Wednesday, June 25, 2014

Blame the Fed

With President Obama stomping all over the world, destroying wealth like Godzilla, and making deadly foreign enemies and domestic political enemies of Democrats, it’s easy to blame him for our economic problems. And there’s a lot of truth in that. Personal Liberty Digest reports, “‘From 2009 to 2013, regulators have published $494 billion in final rules,’ Sam Batkins, director of regulatory policy at the American Action Forum, wrote in the report. ‘This figure dwarfs the gross domestic product (GDP) from countries like Sweden, Peru, and Ireland. With more than $87.6 billion in proposed rule costs this year, burdens will continue to increase in 2014.’”
Obama has also increased taxes and spending, which takes resources away from the productive private sector and squanders them in the parasitic political economy. Economist Robert Higgs explains, “Private investment is the most important driver of economic progress. Entrepreneurs need new structures, equipment, and software to produce new products, to produce existing products at lower cost, and to make use of new technology that requires embodiment in machinery, plant layouts, and other aspects of the existing capital stock.”
Higgs tells why Obama compounds the lack of investment problem with regime uncertainty. “Regime uncertainty pertains to more than the government's laws, regulations, and administrative decisions. For one thing, as the saying goes, ‘personnel is policy.’ Two administrations may administer or enforce identical statutes and regulations quite differently,” he writes. “A business-hostile administration such as Franklin D. Roosevelt's or Barack Obama's will provoke more apprehension among investors than a business-friendlier administration such as Dwight D. Eisenhower's or Ronald Reagan's, even if the underlying ‘rules of the game’ are identical on paper.”
But while Obama visibly stunts economic growth, the Federal Reserve (Fed) is quietly doing even greater damage. Since the 2008 financial crisis, the Fed has printed untold trillions of dollars in an attempt to recreate the bubble that popped in 2008, as if that is a good idea. Most central banks followed suit, and they’ve succeeded to an extent. US and world stock markets are near record highs. Yields on bonds remain low. The number of millionaire households is soaring. Demand and therefore price for luxury items, especially New York City condos, has skyrocketed. Even the International Monetary Fund has warned of a global housing bubble. Because the Fed has printed an unprecedented amount of money, this bubble is unprecedentedly large.
When the Fed prints money, it doesn’t reach everybody at the same time. It first goes to the big New York banks. The bankers spend it first, which drives up prices for luxury items, especially condos in New York. The money meanders through the economy, inflating the bank accounts of rich people first, and causing prices to rise. Poor people see little of the money, but they have to pay the higher prices. Printing money also steals people’s savings. The result is a fantastic transfer of wealth from poor people to rich people.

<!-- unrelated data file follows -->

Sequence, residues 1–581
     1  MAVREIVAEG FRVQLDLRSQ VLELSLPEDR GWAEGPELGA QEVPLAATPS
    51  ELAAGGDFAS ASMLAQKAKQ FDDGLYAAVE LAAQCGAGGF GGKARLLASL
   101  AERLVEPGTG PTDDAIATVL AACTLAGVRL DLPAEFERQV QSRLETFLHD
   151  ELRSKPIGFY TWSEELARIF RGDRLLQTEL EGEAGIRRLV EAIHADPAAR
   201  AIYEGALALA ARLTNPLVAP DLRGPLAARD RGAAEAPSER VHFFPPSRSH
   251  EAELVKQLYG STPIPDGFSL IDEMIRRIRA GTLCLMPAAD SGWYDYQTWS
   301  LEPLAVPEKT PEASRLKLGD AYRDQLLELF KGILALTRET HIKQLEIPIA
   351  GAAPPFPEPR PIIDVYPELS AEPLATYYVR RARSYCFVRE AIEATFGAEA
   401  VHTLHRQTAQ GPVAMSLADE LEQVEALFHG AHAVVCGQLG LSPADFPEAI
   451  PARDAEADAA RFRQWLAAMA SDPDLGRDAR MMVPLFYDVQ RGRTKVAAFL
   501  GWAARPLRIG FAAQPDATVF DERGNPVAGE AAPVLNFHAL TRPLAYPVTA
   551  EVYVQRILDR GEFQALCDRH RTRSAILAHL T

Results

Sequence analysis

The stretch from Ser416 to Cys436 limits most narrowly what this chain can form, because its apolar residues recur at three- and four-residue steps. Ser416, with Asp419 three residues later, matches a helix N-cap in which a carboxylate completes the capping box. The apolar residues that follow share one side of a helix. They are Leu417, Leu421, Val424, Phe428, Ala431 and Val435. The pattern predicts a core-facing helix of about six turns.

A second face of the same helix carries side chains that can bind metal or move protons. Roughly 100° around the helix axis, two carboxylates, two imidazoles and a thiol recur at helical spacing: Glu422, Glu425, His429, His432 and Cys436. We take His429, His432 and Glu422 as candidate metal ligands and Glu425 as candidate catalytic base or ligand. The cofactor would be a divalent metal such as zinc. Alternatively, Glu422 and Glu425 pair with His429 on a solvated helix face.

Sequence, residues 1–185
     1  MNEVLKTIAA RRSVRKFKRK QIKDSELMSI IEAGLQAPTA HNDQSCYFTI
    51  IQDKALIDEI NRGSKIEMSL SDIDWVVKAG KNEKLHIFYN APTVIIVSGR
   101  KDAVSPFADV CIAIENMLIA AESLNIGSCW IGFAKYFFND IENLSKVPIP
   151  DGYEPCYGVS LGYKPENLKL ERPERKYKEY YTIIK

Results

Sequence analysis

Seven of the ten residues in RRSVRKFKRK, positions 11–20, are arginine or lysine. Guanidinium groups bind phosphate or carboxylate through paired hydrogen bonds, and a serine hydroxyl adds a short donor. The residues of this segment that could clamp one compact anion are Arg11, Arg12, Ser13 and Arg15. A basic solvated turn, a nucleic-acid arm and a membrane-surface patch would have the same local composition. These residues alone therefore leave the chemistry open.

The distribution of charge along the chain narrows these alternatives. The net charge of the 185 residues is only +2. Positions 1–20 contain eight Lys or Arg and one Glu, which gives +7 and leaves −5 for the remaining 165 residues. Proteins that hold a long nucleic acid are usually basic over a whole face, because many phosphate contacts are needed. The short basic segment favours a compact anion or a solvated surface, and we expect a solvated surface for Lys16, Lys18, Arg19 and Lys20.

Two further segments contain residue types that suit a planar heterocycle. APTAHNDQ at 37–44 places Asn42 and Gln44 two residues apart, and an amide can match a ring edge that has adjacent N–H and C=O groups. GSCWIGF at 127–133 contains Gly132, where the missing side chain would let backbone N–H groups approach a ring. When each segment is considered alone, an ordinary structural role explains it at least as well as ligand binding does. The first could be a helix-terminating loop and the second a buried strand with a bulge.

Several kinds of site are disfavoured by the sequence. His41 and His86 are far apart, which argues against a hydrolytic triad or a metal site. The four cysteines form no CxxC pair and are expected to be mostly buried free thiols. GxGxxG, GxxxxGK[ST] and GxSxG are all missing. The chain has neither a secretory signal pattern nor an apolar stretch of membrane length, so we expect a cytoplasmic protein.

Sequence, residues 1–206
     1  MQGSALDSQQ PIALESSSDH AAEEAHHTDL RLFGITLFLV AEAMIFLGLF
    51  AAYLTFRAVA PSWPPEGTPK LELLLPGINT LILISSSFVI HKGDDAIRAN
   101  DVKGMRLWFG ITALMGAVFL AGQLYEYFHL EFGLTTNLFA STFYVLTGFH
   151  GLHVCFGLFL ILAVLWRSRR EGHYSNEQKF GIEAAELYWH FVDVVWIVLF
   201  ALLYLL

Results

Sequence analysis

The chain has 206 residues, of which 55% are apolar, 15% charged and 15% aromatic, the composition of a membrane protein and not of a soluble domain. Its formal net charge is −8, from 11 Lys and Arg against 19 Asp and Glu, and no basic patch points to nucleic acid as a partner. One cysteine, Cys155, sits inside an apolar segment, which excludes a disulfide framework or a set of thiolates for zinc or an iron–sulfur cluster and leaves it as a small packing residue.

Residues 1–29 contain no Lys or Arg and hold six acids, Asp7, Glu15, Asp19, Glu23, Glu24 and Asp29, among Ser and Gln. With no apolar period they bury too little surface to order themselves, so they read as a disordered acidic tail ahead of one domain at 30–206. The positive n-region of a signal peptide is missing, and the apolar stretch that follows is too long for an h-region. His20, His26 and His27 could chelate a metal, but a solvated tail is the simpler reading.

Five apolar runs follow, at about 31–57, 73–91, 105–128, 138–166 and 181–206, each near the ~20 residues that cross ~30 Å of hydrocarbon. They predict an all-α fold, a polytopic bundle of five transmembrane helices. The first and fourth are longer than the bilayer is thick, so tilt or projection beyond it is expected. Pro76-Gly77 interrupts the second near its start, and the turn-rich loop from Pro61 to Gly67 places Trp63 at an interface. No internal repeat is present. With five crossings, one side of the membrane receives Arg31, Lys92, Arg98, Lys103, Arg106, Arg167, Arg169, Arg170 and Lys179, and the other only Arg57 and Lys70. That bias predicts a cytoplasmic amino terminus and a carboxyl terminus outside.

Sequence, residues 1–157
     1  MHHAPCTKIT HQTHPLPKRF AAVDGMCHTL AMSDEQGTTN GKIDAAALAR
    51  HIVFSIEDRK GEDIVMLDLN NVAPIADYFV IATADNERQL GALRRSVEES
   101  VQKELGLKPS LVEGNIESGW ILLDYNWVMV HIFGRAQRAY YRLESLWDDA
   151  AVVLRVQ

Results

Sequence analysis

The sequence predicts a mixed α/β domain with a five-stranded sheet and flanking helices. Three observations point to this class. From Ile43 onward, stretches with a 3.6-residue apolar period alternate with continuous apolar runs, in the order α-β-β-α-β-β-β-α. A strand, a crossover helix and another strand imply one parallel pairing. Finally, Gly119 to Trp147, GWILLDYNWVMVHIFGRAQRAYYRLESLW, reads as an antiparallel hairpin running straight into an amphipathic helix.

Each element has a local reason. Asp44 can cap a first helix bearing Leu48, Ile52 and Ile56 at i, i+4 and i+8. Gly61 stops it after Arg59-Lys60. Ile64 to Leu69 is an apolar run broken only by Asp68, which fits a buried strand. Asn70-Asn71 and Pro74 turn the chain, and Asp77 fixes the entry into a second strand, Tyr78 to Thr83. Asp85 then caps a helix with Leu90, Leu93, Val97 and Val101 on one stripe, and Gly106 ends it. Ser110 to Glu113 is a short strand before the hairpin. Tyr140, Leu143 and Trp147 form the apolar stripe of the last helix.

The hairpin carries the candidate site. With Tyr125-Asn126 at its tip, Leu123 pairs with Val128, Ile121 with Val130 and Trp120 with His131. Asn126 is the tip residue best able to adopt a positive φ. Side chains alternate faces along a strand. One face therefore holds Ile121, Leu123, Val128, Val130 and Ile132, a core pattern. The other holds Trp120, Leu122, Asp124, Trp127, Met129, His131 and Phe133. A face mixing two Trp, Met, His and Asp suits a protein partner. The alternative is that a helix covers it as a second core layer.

Our rulers tell us this creates jobs, but they lie. The poor jobs report in May exposed the lie that harsh weather kept the economy down during the winter. Because of all this printing of money, our economy remains stagnant. Official unemployment remains over 6 percent, but that’s only because seven million people have dropped out of the workforce since Obama took office. And the jobs that have been created are low paying jobs compared to the jobs destroyed.
Economist Frank Shostak explains in order to begin growing again, the economy must liquidate unproductive businesses, but the Fed won’t let that happen. “Most commentators are of the view that the Fed’s massive monetary pumping of 2008 has prevented a major economic disaster. We suggest that the massive pumping has bought time for non-productive bubble activities, thereby weakening the economy as a whole,” he writes. “Contrary to popular thinking, an economic cleansing is a must to ‘fix’ the mess caused by the Fed’s loose policies. To prevent future economic pain, what is required is the closure of all the loopholes for the creation of money out of ‘thin air.’”
Banker Patrick Barron describes central bank policy, “[Central banks] are following Keynesian dogma that increasing aggregate demand will spur an increase in employment and production. So far all that these central banks have managed to do is inflate their own balance sheets and saddle their governments with debt.”
Barron concludes, “New fiat money cannot conjure goods out of thin air, the way central banks conjure money out of thin air… In fact rather than stimulate the economy to greater output, bank credit expansion causes capital destruction and a lower standard of living in the future than would have been the case otherwise. Governments and central bankers should concentrate on restoring economic freedom and sound money respectively.”
Like all bubbles, this bubble will pop. It’s inevitable, and it’s global. Because it’s the biggest bubble in US history, it will produce the biggest crash in US history. The only unknowns are when the crash will strike in earnest and whether it will be inflationary or deflationary.

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